A range of painful disorders that cause joint stiffness and inflammation are together referred to as arthritis. Any joint in the body, including the hands, shoulders, knees, hips, and ankles, can develop any type of arthritis. It affects more than 50 million adults and is the leading cause of disability in the United States due to its degenerative nature. Persons of any age and gender are susceptible to the disorder, albeit it tends to manifest more frequently in older people and in women. In reality, there are currently about 300,000 cases of the condition in children in the United States.
Various factors, depending on the type, might cause arthritis. While knowing the origins of the various varieties may not prevent you from getting it, it can help you see the disease’s early warning signals. An advantage in battling the joint degradation that comes with every type of arthritis is getting treatment early.
What Are the Types of Arthritis?
Arthritis can be broadly categorized into four basic types: degenerative, inflammatory, infectious, and metabolic illnesses that affect the joints. Osteoarthritis, the most prevalent form of arthritis, is included under degenerative arthritis. Rheumatoid arthritis, psoriatic arthritis, and ankylosing spondylitis are examples of inflammatory arthritis. An infected joint can develop infectious arthritis. Infectious arthritis comes in two varieties: reactive arthritis and septic arthritis. In metabolic arthritis, uric acid accumulates and crystallizes in the joint, resulting in the uncomfortable condition known as gout.
One joint, several joints in the same area, or even separate parts of the body may experience the inflammation linked to the various kinds of arthritis. Pain, stiffness, and swelling in the afflicted joints are the main symptoms of all kinds of arthritis. Sometimes the skin itself is unaffected, but the swollen joints seem red and inflamed. The affected joint’s broad range of motion is similarly constrained.
Causes of Osteoarthritis
Osteoarthritis is characterized by the loss of joint cartilage and often results from aging-related wear and tear. When this occurs, the cartilage stops protecting your bones from impact and they begin to literally grind against one another. In addition to causing pain, this limits the joint’s range of motion. Osteoarthritis typically develops gradually, getting worse as people age. However, osteoarthritis may manifest at a much younger age than usual in cases of joint infections and trauma.
Even though osteoarthritis frequently just comes with aging, there are some risk factors that can raise your risk of getting the condition. The main risk factors for osteoarthritis, in addition to age and joint damage, include being overweight, doing a job or pastime that requires repetitive motions, and having a family history of the condition.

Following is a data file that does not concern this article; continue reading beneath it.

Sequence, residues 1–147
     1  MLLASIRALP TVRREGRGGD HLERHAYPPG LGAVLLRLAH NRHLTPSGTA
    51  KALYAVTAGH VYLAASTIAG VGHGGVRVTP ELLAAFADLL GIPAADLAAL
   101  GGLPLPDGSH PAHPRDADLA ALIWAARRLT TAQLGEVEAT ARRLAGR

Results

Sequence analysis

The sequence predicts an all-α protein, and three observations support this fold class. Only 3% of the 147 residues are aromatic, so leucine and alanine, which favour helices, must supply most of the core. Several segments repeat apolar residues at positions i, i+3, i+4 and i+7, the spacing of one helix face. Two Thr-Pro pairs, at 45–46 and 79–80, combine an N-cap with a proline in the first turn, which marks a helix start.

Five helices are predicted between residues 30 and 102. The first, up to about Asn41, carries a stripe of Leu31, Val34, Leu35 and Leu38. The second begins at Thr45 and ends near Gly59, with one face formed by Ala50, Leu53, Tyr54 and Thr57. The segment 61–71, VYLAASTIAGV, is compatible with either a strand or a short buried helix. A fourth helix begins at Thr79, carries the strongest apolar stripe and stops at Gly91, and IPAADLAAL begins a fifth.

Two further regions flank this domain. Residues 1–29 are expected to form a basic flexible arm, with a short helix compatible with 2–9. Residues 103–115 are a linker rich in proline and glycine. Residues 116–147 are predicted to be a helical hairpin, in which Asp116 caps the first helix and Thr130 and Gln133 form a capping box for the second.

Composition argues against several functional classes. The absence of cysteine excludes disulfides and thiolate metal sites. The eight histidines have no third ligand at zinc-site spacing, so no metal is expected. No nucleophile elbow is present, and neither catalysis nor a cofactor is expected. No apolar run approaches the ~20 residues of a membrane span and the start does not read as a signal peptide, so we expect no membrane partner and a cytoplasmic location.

Causes of Rheumatoid Arthritis
Rheumatoid arthritis is one of several autoimmune illnesses that develops when your immune system targets the synovial membrane that surrounds your joints rather than defending them as it should. As the illness worsens, this leads to excruciating inflammation and stiffness that finally permanently harms the bone and cartilage. While the precise causes of autoimmune illnesses are still unknown, the majority of researchers agree that environmental triggers can provoke autoimmune reactions in some people based on heredity.
This means that your risk of having rheumatoid arthritis is influenced by factors such as your family history, gender (women are more at risk than men), and other DNA-related traits. Although it can happen at any age, this type of arthritis often strikes people in their middle years. The body responds to environmental pollutants like asbestos and behavioral patterns like smoking as toxic exposures that may eventually cause an inflammatory reaction that results in rheumatoid arthritis. Obesity raises the likelihood of developing this type of arthritis, just like it does with osteoarthritis.
You should talk to your doctor about your symptoms if you’re having pain, swelling, or other signs that suggest you might have any type of arthritis. Early arthritis symptoms are typically more uncomfortable than harmful, but an early diagnosis allows you and your doctor the ability to stop or delay the disease’s progression rather than only focusing on pain relief alternatives.
Your doctor will likely request blood tests to check for additional signs of arthritis, such as C-reactive protein (CRP) and erythrocyte sedimentation rate, as well as X-rays, an MRI, and an ultrasound to examine your joints. To eliminate gout or an infection in the joint, a joint fluid analysis may be performed. You might be sent to a specialist for a targeted treatment plan after a diagnosis has been made.
Typical Treatment Options for Arthritis
The type of arthritis you have and the rate at which it is affecting your joints will determine the exact course of treatment. To relieve the pain and inflammation, your doctor may advise using an over-the-counter analgesic like acetaminophen or a nonsteroidal anti-inflammatory medicine (NSAID) like ibuprofen. Duloxetine and disease-modifying antirheumatic medications (DMARDs) are two prescription medicine choices for osteoarthritis and rheumatoid arthritis, respectively.
In some circumstances, physical therapy can also help to increase range of motion by strengthening and toning the muscles. The goal of occupational therapy is to teach you new techniques to complete everyday tasks that won’t put as much stress on your injured joints. In more severe cases, these therapies might not be effective, and you might require surgery or steroid injections to ease pain. Options for surgery include both those to totally replace damaged joints and those to realign bones.
By: Miss Cherry May Timbol – Independent Reporter
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